In June 2001, I wrote a column arguing that the commercial real estate industry was in denial about the weak state of the economy and its potential debilitating effects on tenant demand. In the preceding months, our news stories were peppered with hollow phrases from industry cheerleaders who made repeated predictions of a soft landing.
That “pain-free” landing, of course, was an illusion. Office vacancy continued to climb as the employment picture worsened. The terrorist attacks of 9-11 sent the U.S. economy into a short recession. By late 2003, the national office vacancy rate had soared to 16.9%, according to data researcher Reis.
Now we're in the homestretch of what is proving to be a highly volatile year. And despite the subprime meltdown that triggered a wave of corporate layoffs in August affecting some 35,000 workers in the financial sector, I keep hearing that this is a temporary condition, a minor blip.
The problem is that when the economy is in a transition period — as we are now — the lagging real estate data is often at odds with what's happening in the trenches. Recall that even as office vacancies were spiraling out of control in 2003, the job market had already begun to show clear signs of recovery. There were only 342,000 net non-farm jobs lost in 2003 compared with a net loss of almost 1.5 million jobs in 2002. The economy then caught fire, creating more than 1.4 million jobs in 2004. In transition periods, it takes a few months for real estate fundamentals to accurately reflect the big picture.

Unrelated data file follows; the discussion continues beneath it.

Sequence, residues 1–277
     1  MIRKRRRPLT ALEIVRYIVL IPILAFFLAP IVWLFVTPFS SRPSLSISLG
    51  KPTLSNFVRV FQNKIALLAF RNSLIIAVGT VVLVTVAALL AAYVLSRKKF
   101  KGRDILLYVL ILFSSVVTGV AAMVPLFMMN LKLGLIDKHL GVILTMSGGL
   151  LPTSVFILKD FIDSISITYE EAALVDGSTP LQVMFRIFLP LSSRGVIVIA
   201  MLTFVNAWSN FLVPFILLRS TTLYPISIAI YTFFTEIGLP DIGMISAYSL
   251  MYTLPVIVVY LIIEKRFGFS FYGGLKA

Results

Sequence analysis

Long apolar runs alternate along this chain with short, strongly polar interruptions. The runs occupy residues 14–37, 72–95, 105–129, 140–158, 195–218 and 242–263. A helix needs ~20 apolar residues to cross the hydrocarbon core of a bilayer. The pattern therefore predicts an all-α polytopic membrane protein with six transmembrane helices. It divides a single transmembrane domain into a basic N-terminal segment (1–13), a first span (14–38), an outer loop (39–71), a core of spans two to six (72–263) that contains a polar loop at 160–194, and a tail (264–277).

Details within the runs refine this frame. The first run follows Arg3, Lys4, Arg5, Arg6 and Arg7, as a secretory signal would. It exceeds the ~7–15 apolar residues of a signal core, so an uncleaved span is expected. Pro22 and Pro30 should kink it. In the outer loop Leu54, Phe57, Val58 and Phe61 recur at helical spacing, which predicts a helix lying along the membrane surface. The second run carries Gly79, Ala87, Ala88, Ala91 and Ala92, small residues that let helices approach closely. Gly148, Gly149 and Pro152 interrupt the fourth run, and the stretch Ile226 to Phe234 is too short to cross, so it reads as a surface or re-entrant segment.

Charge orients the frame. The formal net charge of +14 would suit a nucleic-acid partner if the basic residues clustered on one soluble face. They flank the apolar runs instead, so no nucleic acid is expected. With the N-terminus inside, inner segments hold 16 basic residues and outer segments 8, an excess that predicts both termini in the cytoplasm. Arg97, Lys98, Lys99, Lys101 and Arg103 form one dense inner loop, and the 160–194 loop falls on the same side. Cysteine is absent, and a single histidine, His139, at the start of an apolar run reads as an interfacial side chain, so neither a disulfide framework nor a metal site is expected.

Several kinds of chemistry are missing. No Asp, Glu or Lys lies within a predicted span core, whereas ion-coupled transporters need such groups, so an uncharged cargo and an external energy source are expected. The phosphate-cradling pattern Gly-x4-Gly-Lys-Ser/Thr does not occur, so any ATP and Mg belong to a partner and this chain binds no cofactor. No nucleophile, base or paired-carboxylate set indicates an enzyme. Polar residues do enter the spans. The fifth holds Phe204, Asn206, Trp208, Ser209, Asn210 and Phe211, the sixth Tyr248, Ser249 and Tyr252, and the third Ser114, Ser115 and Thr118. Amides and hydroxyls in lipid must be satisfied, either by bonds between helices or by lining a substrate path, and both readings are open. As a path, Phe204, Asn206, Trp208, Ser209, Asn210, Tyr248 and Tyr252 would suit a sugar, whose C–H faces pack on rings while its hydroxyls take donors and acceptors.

It's impossible for the market to sustain the tear that it's been on relative to investment sales activity in the absence of stronger job growth. Yet optimism reigns supreme. In a Sept. 14 research note titled “Commercial Real Estate Services Fundamentals Remain Robust, Despite Turbulence,” J.P. Morgan Securities gives an “overweight” rating to brokerages CB Richard Ellis and Jones Lang LaSalle, effectively a vote of confidence. As of Sept. 24, CBRE's stock price was down 33% from its 52-week high and JLL was down 19%.
The report from J.P. Morgan sees continued solid investment sales activity in the U.S. despite tightening credit markets and growing employment concerns. “Our discussions with industry sources verify that highly leveraged buyers are out of the market, but it appears that well-capitalized buyers are continuing to purchase commercial real estate.” J.P Morgan is quick to add that global leasing activity is robust at the two brokerage giants, but that a prolonged slump in employment could cause some moderation in leasing.
That is an understatement. The Federal Reserve's decision to cut the Fed funds rate by 50 basis points to 4.75% on Sept. 18 signaled that the economy is troubled. In the short term, office absorption will slow and vacancies will rise. There will be some pain and the industry will adjust. Of course, this reality will be easier to see if we dispense with our rose-colored glasses.